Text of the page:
SUMMARYAnchoring Effect of the Prosecutor’s Demand on Sentence: Evidence from Korean Sexual Crime Cases / Jungwook Kim and Subok Chae
The anchoring effect can be found when a decision shows cognitive prejudice towards the initial information given. Several studies have argued that such an effect is present even for judges in the courtroom. This paper seeks to find a relationship between judges’ decisions on penalty sentences and the sentences recommended by prosecutors. In this study, 2,773 actual court cases are considered in the analysis, and quantile regression is used to show that the sentencing decisions judges make are anchored by the recommendations of prosecutors. However, this reliance on recommendations differs according to the seriousness of the crime committed. Specifically, at the lowest penalty levels, a one-month increase in the prosecutors’ sentencing recommendation results in a 0.25-month increase in the judges’ sentence, while at the highest sentence level, the judges’ sentences increase by 0.78 months under an identical condition. The results of this research indicate the need to create more objective and clear sentencing guidelines in the future in an effort to mitigate the psychological pressure experienced by judges with regard to serious offences or heinous crimes.
China’s Consumer Market: Growth, Changes, and Korea’s Opportunities / Jinkook LEE
This paper examines the aspects of changes in China’s consumer market since the mid-1980s. By comparing urban and rural residents’ expenditures, I find that the rural consumer market has exhibited extraordinary growth. Over the past decade, the consumption growth rate and average propensity to consume by rural residents have surpassed those of their urban counterparts, with the former’s consumption patterns becoming increasingly similar to the latter’s. Such a phenomenon prevails in rural areas which neighbor secondand third-tier cities where urbanization is progressing rapidly. These findings imply that Korean companies need to diversify their export goods in line with China’s expanding rural markets while further differentiating their product composition to satisfy the heterogeneous demands in urban areas. With regard to the government, efforts must be made to strengthen the export cooperative system so that it targets not only urban but also rural markets in China.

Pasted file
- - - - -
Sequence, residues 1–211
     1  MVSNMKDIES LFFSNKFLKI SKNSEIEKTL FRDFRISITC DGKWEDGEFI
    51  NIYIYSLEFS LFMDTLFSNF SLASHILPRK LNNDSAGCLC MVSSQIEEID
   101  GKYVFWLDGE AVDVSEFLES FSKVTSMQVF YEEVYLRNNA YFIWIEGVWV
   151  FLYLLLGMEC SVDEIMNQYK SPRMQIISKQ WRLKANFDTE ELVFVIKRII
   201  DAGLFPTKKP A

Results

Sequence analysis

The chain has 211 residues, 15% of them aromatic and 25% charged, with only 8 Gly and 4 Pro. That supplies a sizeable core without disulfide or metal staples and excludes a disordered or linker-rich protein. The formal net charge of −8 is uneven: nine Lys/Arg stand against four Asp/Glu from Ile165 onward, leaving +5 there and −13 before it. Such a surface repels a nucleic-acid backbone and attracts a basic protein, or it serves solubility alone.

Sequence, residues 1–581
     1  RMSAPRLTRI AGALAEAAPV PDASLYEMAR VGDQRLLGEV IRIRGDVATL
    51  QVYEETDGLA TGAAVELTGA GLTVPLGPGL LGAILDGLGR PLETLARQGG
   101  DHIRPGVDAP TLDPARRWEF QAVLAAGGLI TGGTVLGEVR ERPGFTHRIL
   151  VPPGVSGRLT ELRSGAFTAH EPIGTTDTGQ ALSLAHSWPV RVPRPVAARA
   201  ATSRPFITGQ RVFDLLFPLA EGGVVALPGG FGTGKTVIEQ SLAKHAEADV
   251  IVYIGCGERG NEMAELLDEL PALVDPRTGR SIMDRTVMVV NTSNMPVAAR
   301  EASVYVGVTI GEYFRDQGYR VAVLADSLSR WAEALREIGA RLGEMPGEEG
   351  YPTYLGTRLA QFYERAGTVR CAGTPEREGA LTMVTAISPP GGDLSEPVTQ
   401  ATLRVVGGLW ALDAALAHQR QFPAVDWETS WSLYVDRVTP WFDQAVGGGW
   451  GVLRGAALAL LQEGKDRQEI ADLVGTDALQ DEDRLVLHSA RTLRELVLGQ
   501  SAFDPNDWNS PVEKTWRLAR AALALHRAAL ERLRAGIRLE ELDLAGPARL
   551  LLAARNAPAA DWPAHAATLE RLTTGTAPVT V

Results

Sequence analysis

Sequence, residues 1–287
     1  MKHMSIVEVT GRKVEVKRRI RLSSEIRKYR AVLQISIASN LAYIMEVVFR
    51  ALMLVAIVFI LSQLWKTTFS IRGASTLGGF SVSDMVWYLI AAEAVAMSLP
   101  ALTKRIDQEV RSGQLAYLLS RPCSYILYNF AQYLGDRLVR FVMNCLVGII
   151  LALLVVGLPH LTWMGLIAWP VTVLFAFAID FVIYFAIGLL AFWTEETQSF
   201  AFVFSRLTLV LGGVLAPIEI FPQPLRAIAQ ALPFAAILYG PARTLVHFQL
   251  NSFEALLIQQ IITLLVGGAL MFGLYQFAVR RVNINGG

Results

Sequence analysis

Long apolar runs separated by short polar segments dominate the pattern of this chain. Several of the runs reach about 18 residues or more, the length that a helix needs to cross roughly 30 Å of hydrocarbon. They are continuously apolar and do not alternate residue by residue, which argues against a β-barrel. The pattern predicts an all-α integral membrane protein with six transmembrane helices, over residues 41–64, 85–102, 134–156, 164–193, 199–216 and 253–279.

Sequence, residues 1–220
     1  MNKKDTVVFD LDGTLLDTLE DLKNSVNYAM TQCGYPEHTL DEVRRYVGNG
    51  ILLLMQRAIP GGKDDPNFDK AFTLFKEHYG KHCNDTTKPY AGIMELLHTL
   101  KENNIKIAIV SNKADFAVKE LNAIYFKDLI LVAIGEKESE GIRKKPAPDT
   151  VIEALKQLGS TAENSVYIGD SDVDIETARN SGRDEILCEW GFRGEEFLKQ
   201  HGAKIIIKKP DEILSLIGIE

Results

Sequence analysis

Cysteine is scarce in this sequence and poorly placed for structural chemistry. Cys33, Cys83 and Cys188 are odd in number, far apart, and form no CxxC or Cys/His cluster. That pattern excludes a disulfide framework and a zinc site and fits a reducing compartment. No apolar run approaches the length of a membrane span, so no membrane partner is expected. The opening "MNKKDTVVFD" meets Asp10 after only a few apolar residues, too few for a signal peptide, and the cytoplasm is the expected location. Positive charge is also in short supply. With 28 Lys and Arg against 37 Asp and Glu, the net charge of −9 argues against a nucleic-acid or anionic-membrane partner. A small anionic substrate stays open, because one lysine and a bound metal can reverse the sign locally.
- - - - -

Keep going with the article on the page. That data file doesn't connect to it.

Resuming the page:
Korean Housing Cycle: Implications for Risk Management (Factor-augmented VAR Approach) / Hyuck-shin Kwon, Doo Won Bang and Myeong Hyeon Kim
This paper proposes an integrated risk-management framework that includes 1) measuring the risk of credit portfolios, 2) implementing a (macro) stress test, and 3) setting risk limits using the estimated systematic latent factor specific to capture the housing market cycle. To this end, we extract information from a set of real-estate market variables based on the FAVAR methodology proposed by Bernanke, Boivin and Eliasz (2005). Then, we show the method by which the estimated systematic factor is applied to risk management in the housing market in an integrated manner within the Vasicek one-factor credit model. The proposed methodology is well fitted to analyze the risk of slow-moving and low-defaultable forms of capital, such as alternative investments.
Treasury Stock Sales and Management Rights Protection: Conflicts of Interest between an Owner-manager and Small Shareholders / Sung Ick Cho
This paper investigates the sales process of treasury stocks, while most previous research studies treasury stock repurchases. The sales of treasury stocks are an important measure to protect management rights only in Korea, as Korea’s laws and systems allow treasury stock sales according to the board’s resolution and not by the decisions made at the general shareholders’ meetings. The board’s resolution, which considers the owner-manager’s interest on management rights, can cause damages to small shareholders. Considering (i) the economic characteristics of treasury stocks, (ii) other countries’ institutions and experiences, (iii) a theoretical assessment of the possibility of small shareholder losses, and (iv) lessons from Korea’s actual instances, Korea’s present system should be corrected at least in the mid and long term. Even in the short-term, rules pertaining to sales enacted by the board’s resolution inducing small shareholder losses should be overhauled. The autonomous discipline by various stakeholders could be an ideal measure by which to monitor ownermanager’s decisions. In addition, temporary intervention measures, such as government examinations, could be implemented to protect small shareholders.
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